In A Move To Cut Expenses, DoD May Do Away With Base Commissaries

It looks like Department of Defense planners may target base Commissaries to reduce annual operating expenses by $1.4B. The DoD’s support for that decision is a 2012 survey in which active duty personnel and military retirees were surveyed to assess if benefits derived, by the members, support the operating expense. The survey results indicate that the overwhelming majority of  active duty personnel don’t value base Commissaries; whereas, retirees value them most. The alternative being considered is to provide the members with an annual subsidy of $300, which the survey indicates is preferred by most active duty members.

We have our own opinion, which is based simply on the DoD’s concept. We have not seen the survey nor do we have access to details on the population sample. For example, were spouses or dependents sampled, so it’s hard to say how closely the survey reflects actual service member preference. However, I will say this. As a young enlisted man, I could care less about the commissary, and were I given a choice between a $300 bump, or access to the base Commissary, I would have opted for the cash. Inconsistent with what the survey seems to indicate, I have never been at a base or post where the Commissaries were not crowded with shoppers, so I have to believe the reason is much more than the convenience of shopping on base, and that there is real value derived by the service member and his or her dependents; by way of measurable cost savings. This is a real value to service member families, and to retirees and their dependents. However, this is a benefit that occurs at the point of sale, and prior to paying an annual subsidy to service members and retirees I would explore the feasibility of teaming with the private sector  to determine acceptance of a benefits card that a service member or retiree could take to a commercial establishment (Publix, Safeway, Winn Dixie, Wal-Mart, etc.) to be used at check out with a predetermined discount. How that discount is settled on the back end between the business and DoD is something that can be closely managed and negotiated by the DoD. Having a DoD issued benefit card may very well result in greater benefit to the service member and/or retiree with a reduced cost to the Department of Defense.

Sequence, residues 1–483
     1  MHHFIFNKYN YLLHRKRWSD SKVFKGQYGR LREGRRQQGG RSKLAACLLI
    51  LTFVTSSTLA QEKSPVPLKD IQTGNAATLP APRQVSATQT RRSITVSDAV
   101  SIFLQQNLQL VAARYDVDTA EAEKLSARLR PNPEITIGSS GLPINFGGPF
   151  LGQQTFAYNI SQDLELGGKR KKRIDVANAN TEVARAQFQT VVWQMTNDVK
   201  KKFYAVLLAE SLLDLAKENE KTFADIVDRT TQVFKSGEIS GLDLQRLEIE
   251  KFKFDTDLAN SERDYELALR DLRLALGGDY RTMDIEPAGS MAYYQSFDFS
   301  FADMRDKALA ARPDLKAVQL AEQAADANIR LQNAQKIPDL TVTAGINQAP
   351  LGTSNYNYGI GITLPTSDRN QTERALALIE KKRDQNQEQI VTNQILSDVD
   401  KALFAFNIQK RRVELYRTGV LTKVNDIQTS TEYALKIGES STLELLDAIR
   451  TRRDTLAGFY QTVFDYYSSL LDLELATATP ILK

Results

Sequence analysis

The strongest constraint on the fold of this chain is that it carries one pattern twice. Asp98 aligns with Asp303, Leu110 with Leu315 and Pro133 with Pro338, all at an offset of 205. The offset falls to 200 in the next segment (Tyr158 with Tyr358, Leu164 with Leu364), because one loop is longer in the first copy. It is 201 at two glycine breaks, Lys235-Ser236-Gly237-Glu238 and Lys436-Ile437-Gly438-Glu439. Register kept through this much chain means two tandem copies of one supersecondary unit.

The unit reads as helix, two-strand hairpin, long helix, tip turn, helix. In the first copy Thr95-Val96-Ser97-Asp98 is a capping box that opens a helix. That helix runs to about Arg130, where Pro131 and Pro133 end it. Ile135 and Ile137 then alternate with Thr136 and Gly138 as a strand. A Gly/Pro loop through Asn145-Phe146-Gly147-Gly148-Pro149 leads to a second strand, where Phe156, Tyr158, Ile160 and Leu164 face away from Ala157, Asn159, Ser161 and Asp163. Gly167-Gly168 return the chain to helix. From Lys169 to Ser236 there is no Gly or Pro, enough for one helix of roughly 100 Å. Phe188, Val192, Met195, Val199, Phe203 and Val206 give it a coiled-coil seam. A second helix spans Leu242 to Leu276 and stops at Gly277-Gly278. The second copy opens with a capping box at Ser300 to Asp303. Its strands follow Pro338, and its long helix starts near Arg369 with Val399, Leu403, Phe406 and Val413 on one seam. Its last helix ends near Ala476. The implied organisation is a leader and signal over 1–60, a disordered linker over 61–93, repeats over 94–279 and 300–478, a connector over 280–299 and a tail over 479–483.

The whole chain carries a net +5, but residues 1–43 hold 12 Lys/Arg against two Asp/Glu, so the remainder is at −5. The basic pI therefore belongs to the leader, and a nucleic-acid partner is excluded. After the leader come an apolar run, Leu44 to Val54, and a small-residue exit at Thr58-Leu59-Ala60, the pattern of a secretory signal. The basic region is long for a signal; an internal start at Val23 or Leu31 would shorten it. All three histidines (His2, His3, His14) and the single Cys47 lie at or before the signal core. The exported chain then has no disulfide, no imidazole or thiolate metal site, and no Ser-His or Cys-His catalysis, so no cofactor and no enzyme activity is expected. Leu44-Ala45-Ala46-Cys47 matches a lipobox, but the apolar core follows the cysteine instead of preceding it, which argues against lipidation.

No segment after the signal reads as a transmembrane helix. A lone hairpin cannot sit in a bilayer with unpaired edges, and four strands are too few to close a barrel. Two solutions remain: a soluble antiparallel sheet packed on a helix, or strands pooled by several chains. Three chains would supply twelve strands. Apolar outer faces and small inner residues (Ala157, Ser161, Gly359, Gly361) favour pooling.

Edited to add a graphic from the Defense Commissary Agency’s Annual Fiscal Report FY 2013

Benefit Value

This is what Commissary Benefits are worth to a military family of four.

Estimated Monthly Food Cost For a Family Of Four With Commissary Benefits Diff Annualized
$911.40 $637.98 $273.42 $3281.04
       
       
USDA food cost figures for a family of 4 where children are in the ages of 6-8 and 9-11 is $236.50 weekly, for a moderate cost plan; placing the monthly cost at $993.30 ($236.50 * 4.2) somewhat higher than the $911.40 reflected in my calculation. Commissary savings are calculated at 30% based on the Annual Fiscal Report FY 2013.
Source:
http://www.cnpp.usda.gov/Publications/FoodPlans/2012/CostofFoodJan2012.pdf
     

 

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